Mother nature has not been nice to us here in New York the past couple of months. The most recent gift was Blizzard Nemo, which dumped almost three feet of snow on our doorstep. I know some of you are laughing at me right now, since three feet of snow for you is just another typical Monday morning. But for us, it’s as unlikely as me running a marathon. Without a plow in sight for two days, Asheley and I were snowed in and confined to eating whatever food we had inside. We were totally elated when we opened up the freezer and saw a full stock of chili. It’s the perfect winter comfort food on those cold, blistery days.
I actually made a giant batch of the stuff the week prior for a friend’s Super Bowl party. That’s the beauty of chili. It freezes incredibly well. I always make as much as my two giant stockpots can handle, and then freeze individual sized portions for super quick, easy weeknight meals. It’s one of the few times Asheley and I actually get excited for “leftovers”.
You are totally going to love this chili, because it’s chock-full of secret ingredients (ssshh, don’t tell anyone!) put together into one mega, end-all be-all, chili recipe.
Making chili is definitely not a quick process, but it is quite easy and extremely worthwhile. It’s really not a lot of “active cooking time”. It’s more of throw a bunch of stuff in a pot and stir once in a while. And don’t be afraid of the big list of ingredients. You probably already have most of it in your pantry.
To me, making chili is like spending the day smoking a pork shoulder to make pulled pork. Yes it’s time consuming, but also deeply satisfying and a culinary spectacle. It takes time for the chili to transform those individual ingredients into a complex, harmonious flavorful stew.
I love spending a cold winter weekend day just relaxing around the house, most likely watching a Law & Order marathon, while tending to my big ‘ole pot of chili.
One of the secrets in this recipe is the braised short ribs. They help raise this chili to a state of pure luxury. If you can’t find short ribs or don’t want to do the extra step of braising, feel free to omit them.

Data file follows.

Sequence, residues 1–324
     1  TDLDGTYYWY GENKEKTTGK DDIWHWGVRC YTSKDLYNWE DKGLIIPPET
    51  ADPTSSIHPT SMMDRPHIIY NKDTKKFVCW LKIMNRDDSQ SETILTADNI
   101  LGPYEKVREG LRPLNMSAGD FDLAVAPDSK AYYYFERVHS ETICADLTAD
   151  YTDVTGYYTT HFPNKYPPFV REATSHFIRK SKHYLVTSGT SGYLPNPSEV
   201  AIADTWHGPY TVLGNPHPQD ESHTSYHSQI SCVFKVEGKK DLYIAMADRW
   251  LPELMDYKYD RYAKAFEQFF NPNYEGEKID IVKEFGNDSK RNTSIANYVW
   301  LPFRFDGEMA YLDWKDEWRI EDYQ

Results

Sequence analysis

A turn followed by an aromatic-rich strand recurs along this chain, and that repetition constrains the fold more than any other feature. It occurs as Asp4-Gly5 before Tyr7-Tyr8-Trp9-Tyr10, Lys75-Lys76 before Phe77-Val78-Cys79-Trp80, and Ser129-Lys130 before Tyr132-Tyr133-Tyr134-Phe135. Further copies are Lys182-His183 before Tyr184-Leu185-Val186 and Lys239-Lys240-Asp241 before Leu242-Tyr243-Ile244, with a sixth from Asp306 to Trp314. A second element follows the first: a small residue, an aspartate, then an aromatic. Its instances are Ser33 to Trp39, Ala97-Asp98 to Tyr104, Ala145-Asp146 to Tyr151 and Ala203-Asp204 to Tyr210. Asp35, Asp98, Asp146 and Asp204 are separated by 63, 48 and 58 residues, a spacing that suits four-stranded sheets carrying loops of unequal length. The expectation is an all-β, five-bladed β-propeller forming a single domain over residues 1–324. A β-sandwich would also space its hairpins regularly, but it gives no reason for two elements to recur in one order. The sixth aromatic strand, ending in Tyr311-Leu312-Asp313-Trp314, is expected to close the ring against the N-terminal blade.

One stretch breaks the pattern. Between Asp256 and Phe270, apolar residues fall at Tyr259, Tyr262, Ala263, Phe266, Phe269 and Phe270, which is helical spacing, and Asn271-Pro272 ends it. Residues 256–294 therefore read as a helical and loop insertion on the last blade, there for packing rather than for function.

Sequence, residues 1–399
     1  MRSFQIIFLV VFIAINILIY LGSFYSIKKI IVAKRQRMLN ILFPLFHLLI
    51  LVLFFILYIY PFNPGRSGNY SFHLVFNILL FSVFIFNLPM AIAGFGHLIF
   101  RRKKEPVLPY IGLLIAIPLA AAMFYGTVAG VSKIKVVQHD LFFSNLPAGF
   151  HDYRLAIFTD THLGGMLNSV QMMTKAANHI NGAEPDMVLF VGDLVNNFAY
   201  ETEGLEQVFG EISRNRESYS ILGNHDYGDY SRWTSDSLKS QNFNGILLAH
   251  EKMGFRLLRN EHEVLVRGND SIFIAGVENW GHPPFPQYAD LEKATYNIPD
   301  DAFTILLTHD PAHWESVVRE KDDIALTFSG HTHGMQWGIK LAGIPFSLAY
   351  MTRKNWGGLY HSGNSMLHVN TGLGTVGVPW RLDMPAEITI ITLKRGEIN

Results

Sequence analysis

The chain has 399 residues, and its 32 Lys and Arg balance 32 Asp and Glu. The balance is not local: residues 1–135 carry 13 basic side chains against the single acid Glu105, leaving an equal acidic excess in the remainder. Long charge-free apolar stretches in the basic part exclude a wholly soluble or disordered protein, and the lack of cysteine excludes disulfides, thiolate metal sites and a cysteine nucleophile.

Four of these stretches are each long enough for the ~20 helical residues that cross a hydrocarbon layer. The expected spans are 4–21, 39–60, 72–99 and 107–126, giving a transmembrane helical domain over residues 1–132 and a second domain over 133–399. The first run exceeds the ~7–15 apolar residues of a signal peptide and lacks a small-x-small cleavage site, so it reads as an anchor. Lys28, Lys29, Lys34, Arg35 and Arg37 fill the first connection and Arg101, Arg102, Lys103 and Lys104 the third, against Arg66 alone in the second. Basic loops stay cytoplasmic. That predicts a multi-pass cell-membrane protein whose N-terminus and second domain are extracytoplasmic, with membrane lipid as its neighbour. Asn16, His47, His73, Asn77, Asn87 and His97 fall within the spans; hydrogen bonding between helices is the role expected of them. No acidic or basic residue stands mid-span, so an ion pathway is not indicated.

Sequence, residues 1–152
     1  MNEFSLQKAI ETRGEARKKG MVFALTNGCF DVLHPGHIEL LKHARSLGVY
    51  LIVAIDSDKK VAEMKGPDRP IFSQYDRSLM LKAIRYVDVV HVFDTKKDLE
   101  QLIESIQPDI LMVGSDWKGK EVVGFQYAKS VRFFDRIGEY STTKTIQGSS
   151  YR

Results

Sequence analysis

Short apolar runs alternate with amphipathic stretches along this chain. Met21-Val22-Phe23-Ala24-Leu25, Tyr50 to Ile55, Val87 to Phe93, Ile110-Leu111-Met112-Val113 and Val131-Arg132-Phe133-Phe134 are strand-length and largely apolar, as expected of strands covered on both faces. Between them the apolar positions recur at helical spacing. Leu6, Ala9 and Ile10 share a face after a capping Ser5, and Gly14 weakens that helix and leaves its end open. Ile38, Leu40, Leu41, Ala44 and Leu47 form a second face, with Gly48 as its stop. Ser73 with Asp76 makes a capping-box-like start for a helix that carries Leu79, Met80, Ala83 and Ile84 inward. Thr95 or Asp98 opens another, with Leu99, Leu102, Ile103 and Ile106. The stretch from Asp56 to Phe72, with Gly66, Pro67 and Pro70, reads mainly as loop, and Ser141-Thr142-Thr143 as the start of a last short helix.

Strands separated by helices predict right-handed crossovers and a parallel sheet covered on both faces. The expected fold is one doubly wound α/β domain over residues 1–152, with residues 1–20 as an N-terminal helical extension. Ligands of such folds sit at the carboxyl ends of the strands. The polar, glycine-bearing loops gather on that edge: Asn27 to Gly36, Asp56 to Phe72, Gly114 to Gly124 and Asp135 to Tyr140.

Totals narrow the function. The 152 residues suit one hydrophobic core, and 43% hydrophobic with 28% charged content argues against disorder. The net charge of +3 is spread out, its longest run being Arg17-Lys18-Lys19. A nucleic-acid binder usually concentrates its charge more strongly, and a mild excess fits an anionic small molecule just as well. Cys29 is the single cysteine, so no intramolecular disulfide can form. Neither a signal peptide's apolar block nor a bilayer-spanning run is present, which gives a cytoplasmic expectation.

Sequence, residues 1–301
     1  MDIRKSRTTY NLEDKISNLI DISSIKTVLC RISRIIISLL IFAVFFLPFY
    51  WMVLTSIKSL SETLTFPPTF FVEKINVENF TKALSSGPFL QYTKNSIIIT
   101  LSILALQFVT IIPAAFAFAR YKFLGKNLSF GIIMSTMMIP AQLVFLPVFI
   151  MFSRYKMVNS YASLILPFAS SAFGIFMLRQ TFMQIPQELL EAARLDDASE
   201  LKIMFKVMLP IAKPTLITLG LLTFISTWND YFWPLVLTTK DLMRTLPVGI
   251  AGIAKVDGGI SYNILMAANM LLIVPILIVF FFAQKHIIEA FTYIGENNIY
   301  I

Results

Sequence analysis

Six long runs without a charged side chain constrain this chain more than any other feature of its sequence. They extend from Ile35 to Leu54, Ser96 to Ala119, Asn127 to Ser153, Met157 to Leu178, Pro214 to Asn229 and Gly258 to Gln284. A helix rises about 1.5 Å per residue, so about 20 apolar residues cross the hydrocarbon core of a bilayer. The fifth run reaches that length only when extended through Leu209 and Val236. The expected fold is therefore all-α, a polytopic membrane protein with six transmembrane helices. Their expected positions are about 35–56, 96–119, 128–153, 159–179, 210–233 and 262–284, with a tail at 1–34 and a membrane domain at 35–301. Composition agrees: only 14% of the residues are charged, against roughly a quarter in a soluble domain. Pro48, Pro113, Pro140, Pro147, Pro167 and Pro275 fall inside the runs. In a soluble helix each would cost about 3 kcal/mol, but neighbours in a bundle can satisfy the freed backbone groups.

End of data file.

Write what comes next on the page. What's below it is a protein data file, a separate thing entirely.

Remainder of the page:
I love searing meat. The beautiful dark golden brown crust that forms is so beautiful to me, as is watching the meat slide right off the bone after a couple hours of braising in beer.
When shopping for short ribs, make sure to get nice, plump, meaty ones. You want to maximize as much meat as possible.
Just food for thought, since it literally just popped into my head: I recently learned a great tip from reading one of Michael Symon’s cookbooks. He salts food in stages as it cooks: Vegetables in. Season. Meat in. Season. Liquids in. Season (you get the idea). So when you add your chopped onions and peppers to the pan, make sure to season them generously with salt. It totally has made a difference in my cooking.
Roasting the poblano peppers adds another dimension and depth of flavor. Watching them blacken and blister all over is incredibly enjoyable. Once they are done roasting, you are going to need to remove the skins. The easiest way to do this is to place the poblanos into a bowl and cover with plastic wrap, which will create steam. After 10 minutes in the sauna, the skins will have loosened from the peppers, which makes removing them a whole lot easier.
Asheley loves to top her bowl of chili with a mountain of shredded cheddar cheese. I like mine topped with little sweet bursts of cornbread croutons and a dollop of lime crema. And tortilla chips. I need tortilla chips!
I love the acidic brightness that the lime adds to the sour cream. And lime crema might sound fancy, but really it’s just sour cream mixed with the zest and juice of a lime.
The cornbread croutons are also really simple, but you are going to need some cornbread first…. oh, wait, I just posted a cornbread recipe? How convenient 🙂 Check out the recipe here: Honey – Jalapeño Cornbread
Asheley and I actually don’t typically eat the chili on the day it’s made, because it always tastes better the following day. It gives the flavors more time to get all friendly.